Janssen Pharmaceutica misled Government officials

The Philadelphia Inquirer
Suit: Janssen Pharmaceutica misled Texas officials on drug
By: Rob Waters, Bloomberg News

Unsealed documents in a whistle-blower lawsuit allege that drugmaker Janssen Pharmaceutica, of Titusville, N.J., misled Texas officials about an antipsychotic drug to increase prescriptions.

The lawsuit claims that Janssen, a subsidiary of Johnson & Johnson, of New Brunswick, N.J., caused Texas to overspend last year on Risperdal, a top-selling schizophrenia drug.

The case, one of several against makers of antipsychotics in several states, centers on Texas prescription guidelines that require doctors to give priority to newer, more expensive drugs in state-funded treatment of mental-health patients.

The Texas guidelines have been adopted by several other states, including Pennsylvania. The complaint was initiated in 2004 by Allen Jones, a former investigator for Pennsylvania’s Office of the Inspector General. Jones was fired after questioning the Pennsylvania system and divulging information about his investigation without permission.

Texas court records unsealed Dec. 15 allege that the Texas guidelines and Janssen’s “deceptive” marketing techniques had boosted sales of Risperdal, raising costs for Texas and endangering patients.

Under Texas law, the whistle-blower suit would have been dismissed if the attorney general had not joined it. The state is seeking unspecified damages. Jones would collect 15 percent to 25 percent of any damages, his attorney said.

U.S. sales of Risperdal totaled $10 billion from 2001 through 2005, according to IMS Health Inc., a Plymouth Meeting industry information firm.

“This is a case about sales and marketing trumping medical science,” said Thomas Melsheimer, a plaintiff attorney.

Johnson & Johnson responded that it does “not promote our products for off-label use,” said Ambre Morley, a company spokeswoman. J&J does not comment on litigation, she said.

Tom Kelley, a spokesman for Texas Attorney General Greg Abbott, declined to comment yesterday on the lawsuit.

Nationwide, several lawsuits accuse drug companies of engaging in deceptive marketing by overstating effectiveness and understating risks of newer antipsychotics. The suits also claim companies promoted the drugs for unapproved uses.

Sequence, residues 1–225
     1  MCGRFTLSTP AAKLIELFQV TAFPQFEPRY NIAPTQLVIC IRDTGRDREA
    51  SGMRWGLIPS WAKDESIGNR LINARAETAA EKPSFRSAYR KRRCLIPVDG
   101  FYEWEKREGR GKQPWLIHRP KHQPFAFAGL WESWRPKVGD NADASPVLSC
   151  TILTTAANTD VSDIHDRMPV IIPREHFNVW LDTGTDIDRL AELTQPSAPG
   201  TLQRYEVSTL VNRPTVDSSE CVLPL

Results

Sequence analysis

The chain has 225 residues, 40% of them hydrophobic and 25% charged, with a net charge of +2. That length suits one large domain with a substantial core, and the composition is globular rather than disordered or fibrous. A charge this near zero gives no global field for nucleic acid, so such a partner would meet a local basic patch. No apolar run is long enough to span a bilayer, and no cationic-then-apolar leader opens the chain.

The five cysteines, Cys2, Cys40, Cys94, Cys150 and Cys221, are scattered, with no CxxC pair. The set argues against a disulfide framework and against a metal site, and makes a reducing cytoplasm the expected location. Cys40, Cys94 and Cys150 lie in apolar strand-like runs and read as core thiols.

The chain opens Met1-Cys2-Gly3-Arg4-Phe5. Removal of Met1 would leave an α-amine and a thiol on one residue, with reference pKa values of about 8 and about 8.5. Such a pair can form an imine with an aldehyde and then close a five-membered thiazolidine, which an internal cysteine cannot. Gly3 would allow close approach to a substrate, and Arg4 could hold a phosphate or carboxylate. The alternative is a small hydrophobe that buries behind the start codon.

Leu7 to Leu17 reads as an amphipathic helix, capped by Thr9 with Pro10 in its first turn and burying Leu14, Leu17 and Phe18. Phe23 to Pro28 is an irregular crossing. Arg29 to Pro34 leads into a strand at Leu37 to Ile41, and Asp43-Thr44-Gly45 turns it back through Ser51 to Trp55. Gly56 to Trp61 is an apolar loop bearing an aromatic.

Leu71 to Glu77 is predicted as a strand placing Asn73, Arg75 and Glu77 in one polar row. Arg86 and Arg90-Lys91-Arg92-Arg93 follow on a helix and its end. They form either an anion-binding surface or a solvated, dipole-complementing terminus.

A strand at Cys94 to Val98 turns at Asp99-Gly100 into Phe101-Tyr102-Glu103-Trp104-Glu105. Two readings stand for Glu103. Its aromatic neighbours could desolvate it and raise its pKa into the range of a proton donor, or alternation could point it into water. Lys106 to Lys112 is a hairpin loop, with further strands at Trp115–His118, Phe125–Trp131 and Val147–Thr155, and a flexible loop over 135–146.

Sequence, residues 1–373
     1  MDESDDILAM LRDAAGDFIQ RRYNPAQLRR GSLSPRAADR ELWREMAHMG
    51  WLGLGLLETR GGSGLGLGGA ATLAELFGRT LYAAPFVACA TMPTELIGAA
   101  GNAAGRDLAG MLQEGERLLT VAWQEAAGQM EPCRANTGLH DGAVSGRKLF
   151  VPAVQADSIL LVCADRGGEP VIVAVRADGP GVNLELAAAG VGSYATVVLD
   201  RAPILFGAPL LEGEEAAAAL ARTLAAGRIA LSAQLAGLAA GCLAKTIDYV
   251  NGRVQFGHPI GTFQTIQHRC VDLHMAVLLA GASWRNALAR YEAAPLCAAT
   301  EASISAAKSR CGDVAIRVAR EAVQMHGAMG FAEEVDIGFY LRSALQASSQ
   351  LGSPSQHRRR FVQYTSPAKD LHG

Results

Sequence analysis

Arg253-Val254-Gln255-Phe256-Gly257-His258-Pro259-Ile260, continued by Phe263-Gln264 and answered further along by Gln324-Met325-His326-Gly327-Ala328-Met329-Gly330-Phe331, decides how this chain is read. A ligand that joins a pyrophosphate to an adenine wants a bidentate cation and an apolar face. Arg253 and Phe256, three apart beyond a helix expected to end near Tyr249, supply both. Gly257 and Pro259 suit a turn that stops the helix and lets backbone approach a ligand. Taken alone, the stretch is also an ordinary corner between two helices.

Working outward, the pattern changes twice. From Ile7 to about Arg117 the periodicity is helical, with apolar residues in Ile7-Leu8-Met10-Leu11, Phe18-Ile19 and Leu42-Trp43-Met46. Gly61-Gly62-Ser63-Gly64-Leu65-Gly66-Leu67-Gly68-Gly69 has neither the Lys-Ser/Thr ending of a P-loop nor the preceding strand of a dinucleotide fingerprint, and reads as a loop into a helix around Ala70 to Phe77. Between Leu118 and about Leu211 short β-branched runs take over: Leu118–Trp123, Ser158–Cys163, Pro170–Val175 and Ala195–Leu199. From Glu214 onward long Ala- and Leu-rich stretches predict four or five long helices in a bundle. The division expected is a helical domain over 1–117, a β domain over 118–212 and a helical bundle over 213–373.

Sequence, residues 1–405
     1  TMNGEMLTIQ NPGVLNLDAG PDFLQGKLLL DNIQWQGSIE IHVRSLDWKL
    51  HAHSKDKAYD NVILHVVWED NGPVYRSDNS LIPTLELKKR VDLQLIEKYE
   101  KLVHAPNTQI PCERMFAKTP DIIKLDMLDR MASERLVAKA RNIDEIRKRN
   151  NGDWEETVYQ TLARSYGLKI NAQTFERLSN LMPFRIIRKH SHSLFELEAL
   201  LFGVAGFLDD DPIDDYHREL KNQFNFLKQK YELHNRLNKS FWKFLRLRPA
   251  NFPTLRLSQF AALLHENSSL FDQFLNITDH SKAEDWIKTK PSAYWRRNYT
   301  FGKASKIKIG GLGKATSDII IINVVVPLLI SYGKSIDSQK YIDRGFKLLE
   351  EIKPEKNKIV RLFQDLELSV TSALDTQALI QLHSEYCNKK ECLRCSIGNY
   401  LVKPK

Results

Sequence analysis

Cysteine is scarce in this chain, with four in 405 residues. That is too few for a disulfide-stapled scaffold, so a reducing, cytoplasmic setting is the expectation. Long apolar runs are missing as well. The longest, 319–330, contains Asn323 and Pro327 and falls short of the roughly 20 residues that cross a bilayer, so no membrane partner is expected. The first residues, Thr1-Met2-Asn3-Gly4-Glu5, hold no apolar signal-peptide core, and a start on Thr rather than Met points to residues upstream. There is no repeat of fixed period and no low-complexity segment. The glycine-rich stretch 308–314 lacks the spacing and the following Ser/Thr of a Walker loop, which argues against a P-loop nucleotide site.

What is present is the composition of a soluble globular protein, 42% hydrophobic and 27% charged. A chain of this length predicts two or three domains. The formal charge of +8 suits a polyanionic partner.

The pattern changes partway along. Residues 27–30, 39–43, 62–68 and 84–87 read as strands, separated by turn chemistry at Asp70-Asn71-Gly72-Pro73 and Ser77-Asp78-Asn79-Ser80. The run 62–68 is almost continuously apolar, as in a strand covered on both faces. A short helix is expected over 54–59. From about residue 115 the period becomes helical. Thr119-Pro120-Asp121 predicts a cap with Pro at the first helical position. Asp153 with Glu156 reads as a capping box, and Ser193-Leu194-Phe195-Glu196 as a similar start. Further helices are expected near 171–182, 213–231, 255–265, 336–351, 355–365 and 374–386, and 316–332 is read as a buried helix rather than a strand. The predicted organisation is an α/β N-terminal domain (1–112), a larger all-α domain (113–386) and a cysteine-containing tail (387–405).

Mississippi, Louisiana, Alaska and West Virginia sued Eli Lilly & Co. this year on behalf of their Medicaid health programs for the poor. They said the company fraudulently touted the antipsychotic Zyprexa for unapproved uses. Indianapolis-based Lilly settled about 8,000 personal-injury complaints for $700 million in 2005, and faces 4,000 more claims.

Lilly spokesman Phil Belt said Lilly was “committed to being transparent about the risks of Zyprexa.” He declined to comment on specific cases.

London-based AstraZeneca P.L.C., maker of the third-best-selling antipsychotic, Seroquel, stands accused in more than 200 federal and state lawsuits of concealing the diabetes risk faced by users. AstraZeneca, whose U.S. headquarters are near Wilmington, is “vigorously defending” the cases, spokesman Jim Minnick said in an e-mailed statement.

The Texas program began in 1996 as a way to standardize prescribing of medication to state mental patients, led by University of Texas academics and Steven Shon, then medical director for behavioral health for the Texas health department.

Shon also had consulted for Janssen, an arrangement the department was unaware of and would not have approved, said Ted Hughes, a spokesman for the Texas Health and Human Services Commission.

Shon resigned effective Oct. 31. His boss, Charles Bell, acting health commissioner, requested Shon’s resignation after being briefed on the whistle-blower lawsuit by the Attorney General’s Office, Hughes said.

Shon did not respond to requests for comment.

Jones’ complaint alleges that the Texas health department received as much as $6 million in contributions from Janssen and other parties to implement the treatment guidelines under the Texas Medication Algorithm Project, known as TMAP.

The largest contributors, according to the lawsuit, were Janssen and the Robert Wood Johnson Foundation, the Princeton-based charity endowed by J&J’s cofounder that operates independently of the company.

The foundation provided three grants totaling $2.8 million to evaluate TMAP as part of an effort “to improve treatment of chronic disease,” foundation spokesman David Morse said.

After the guidelines were adopted, Janssen “experienced a significant increase in sales of Risperdal” in Texas and worked to bring the program to other states, the suit alleges.

State officials “traveled extensively, at the expense of defendants, to tout the wonders of the new drugs,” the complaint says.

Janssen “improperly influenced state decision-makers with trips, perks, travel expenses, honoraria,” and paid state officials “to speak in their official capacities” to promote the drugs, the complaint says.

In Pennsylvania, allegations about drug-company influence over Medicaid policy resulted in ethics charges against Steven J. Fiorello, of Palmyra, former chief pharmacist for the Public Welfare Department.

Fiorello was fined more than $27,000 last year and fired for using his position to earn extra income from two drug manufacturers, including Janssen. Fiorello also faces criminal charges.

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